Tomatoville® Gardening Forums


Notices

General information and discussion about cultivating onions, garlic, shallots and leeks.

Reply
 
Thread Tools Display Modes
Old June 26, 2016   #31
clkeiper
Tomatovillian™
 
clkeiper's Avatar
 
Join Date: Nov 2011
Location: ohio
Posts: 3,084
Default

I compost mine.
__________________
carolyn k
clkeiper is offline   Reply With Quote
Old June 26, 2016   #32
KC.Sun
Tomatovillian™
 
Join Date: Jun 2015
Location: 6a
Posts: 322
Default

I had then stir fried and with an egg omelet this year. Just wish I had more.
KC.Sun is offline   Reply With Quote
Old June 26, 2016   #33
joseph
Tomatovillian™
 
joseph's Avatar
 
Join Date: May 2013
Location: Cache Valley, N/E of The Great Salt Lake
Posts: 1,171
Default

I allow my scapes to remain on the plant. As a plant breeder, the scape, and associated seeds, are the most important part of the garlic that I grow....

At market, people ask me "what do you do with garlic scapes?" There is only one answer that's always just begging to be said, "I sell them at the farmer's market!!!". However in response to "How are they used?" I usually reply, "Use them just like you would use garlic: add them to a soup, stir-fry, roast, omelet, or casserole. Or blend them up with some olive oil and vinegar to make a pesto.".

I used some last night in a pesto, and added some to a spinach stir-fry.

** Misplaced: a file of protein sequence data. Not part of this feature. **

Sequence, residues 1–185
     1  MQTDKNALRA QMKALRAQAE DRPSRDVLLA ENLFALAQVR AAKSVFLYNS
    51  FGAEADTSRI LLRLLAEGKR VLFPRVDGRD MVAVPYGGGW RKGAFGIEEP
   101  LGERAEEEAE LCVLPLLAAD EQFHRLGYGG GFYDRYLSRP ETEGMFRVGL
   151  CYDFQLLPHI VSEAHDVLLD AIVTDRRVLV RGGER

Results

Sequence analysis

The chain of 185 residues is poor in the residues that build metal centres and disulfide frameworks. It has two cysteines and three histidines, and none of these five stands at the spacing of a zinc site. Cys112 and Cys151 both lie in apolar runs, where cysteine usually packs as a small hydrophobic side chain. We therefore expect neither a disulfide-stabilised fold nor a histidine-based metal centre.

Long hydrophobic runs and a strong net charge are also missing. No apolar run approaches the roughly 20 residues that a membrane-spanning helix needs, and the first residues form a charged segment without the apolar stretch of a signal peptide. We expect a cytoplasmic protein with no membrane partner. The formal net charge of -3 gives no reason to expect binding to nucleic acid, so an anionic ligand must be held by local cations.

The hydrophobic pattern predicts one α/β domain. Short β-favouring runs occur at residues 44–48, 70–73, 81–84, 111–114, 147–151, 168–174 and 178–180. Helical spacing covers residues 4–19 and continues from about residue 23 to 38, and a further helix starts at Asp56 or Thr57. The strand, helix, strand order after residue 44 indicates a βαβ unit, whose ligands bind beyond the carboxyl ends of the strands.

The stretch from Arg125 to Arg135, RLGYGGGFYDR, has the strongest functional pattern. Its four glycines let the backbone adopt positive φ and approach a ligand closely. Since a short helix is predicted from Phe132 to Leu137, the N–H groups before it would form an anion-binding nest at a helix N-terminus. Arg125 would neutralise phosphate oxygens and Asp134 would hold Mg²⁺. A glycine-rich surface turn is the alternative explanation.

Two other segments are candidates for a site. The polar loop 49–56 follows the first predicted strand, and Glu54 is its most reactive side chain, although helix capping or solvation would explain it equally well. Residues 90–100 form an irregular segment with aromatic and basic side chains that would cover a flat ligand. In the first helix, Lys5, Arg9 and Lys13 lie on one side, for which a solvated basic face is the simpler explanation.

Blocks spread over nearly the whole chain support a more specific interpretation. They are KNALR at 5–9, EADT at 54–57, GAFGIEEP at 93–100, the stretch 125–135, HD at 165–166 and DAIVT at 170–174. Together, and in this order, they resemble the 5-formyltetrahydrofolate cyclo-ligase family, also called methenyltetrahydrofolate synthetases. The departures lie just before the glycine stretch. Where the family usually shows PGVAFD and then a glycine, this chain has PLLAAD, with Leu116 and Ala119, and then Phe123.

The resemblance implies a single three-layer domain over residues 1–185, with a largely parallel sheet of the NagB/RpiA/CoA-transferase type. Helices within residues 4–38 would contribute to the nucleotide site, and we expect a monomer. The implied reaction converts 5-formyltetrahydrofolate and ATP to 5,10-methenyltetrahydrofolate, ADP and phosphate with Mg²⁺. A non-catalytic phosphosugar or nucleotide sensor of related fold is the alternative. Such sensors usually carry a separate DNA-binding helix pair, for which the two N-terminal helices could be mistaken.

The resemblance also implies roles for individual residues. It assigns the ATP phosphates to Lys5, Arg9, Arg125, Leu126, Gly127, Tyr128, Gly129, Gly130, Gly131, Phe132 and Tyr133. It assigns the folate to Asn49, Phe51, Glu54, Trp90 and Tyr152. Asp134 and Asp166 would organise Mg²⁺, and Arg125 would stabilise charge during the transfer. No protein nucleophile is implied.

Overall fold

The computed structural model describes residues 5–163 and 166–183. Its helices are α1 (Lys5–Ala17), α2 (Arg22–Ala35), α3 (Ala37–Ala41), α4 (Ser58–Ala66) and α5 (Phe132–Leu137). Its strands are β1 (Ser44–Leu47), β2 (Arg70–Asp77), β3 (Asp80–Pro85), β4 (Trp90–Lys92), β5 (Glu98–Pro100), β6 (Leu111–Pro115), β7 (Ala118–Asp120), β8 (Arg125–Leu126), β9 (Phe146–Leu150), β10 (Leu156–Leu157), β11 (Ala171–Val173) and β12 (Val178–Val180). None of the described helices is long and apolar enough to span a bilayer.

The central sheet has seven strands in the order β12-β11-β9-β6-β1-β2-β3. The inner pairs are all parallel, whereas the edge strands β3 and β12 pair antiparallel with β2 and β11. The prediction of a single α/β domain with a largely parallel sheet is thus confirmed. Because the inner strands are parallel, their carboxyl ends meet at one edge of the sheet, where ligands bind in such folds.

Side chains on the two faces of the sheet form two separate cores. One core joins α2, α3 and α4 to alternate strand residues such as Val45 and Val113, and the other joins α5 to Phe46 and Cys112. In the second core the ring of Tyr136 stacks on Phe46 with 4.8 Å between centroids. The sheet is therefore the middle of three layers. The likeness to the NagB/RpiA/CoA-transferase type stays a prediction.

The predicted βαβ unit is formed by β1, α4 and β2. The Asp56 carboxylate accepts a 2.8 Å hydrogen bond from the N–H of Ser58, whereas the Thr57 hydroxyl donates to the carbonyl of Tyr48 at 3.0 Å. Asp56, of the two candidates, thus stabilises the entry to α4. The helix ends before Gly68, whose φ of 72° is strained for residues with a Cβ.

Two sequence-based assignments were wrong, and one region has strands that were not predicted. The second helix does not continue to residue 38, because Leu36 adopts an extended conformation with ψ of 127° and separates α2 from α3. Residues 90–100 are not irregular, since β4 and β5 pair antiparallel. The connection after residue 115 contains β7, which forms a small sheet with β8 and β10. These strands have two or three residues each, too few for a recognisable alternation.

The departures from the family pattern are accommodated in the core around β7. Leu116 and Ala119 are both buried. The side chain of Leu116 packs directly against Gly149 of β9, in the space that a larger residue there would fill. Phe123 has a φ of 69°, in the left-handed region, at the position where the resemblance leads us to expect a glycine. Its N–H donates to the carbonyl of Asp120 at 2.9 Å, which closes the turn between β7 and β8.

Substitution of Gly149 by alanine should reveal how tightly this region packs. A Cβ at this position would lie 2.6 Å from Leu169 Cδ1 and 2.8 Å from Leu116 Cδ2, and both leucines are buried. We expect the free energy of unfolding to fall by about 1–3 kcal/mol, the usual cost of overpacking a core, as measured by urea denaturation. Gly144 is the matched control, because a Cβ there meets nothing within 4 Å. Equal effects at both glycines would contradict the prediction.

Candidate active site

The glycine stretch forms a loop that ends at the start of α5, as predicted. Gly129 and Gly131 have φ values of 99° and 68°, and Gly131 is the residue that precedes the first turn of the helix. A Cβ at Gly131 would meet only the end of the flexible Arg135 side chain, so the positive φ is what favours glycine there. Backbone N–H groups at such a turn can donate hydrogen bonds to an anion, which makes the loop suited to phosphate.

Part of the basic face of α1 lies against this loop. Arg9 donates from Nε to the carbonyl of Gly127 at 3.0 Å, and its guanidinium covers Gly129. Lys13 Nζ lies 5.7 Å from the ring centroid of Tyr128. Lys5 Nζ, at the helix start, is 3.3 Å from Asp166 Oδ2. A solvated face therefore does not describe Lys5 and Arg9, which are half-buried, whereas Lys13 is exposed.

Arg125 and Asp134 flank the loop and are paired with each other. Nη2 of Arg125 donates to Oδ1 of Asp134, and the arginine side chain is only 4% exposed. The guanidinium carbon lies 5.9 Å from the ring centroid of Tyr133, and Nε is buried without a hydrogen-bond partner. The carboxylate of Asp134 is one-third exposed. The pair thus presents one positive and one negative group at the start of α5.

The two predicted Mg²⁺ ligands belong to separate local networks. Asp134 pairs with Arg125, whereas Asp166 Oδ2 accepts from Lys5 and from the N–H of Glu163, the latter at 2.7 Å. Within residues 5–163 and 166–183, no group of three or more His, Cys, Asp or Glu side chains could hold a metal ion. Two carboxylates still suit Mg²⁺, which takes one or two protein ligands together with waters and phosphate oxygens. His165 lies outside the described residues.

joseph is offline   Reply With Quote
Old June 27, 2016   #34
matereater
Tomatovillian™
 
matereater's Avatar
 
Join Date: Jul 2006
Location: S.E. Michigan (Livonia)
Posts: 1,058
Default

How much of the scape is used ? from the bud to the end or cut lower and use it all ? I cut some yesterday about a foot below the bulb and it seemed somewhat hard almost stick like, dont think that part would cool up very well.
__________________
Steve

Cleverly disguised as a responsible adult
matereater is offline   Reply With Quote
Old June 27, 2016   #35
TomNJ
Tomatovillian™
 
TomNJ's Avatar
 
Join Date: May 2009
Location: Floyd VA
Posts: 644
Default

If you let the scapes get too long they will get woody. You should snap them when they are about 12-18" and are still tender and fully edible. If you harvested yours late then just eat the tender portions.

TomNJVA
TomNJ is offline   Reply With Quote
Old June 27, 2016   #36
Father'sDaughter
Tomatovillian™
 
Join Date: Nov 2011
Location: MA/NH Border
Posts: 4,284
Default

Yes, like asparagus, they will snap where the tough woody part meets the tender edible part. It's easier if you harvest them by snapping rather than cutting as then the woody part stays behind on the plant.
Father'sDaughter is offline   Reply With Quote
Old July 14, 2016   #37
SueCT
Tomatovillian™
 
Join Date: Jan 2012
Location: Connecticut
Posts: 451
Default

Do scapes need to be blanched before freezing or do you just wash, dry and cut them?
SueCT is offline   Reply With Quote
Old July 14, 2016   #38
Worth1
Tomatovillian™
 
Worth1's Avatar
 
Join Date: Feb 2006
Location: Bastrop Texas Lost Pines Forest.
Posts: 31,219
Default

Quote:
Originally Posted by SueCT View Post
Do scapes need to be blanched before freezing or do you just wash, dry and cut them?
I think everything needs to be blanched before freezing it helps preserve freshness by killing it and other stuff on it.

Worth
__________________
Home of Cactus Flats Botanical Gardens.
The dinner table is where we need to get acquainted not the battlefield.
I Seek The Truth.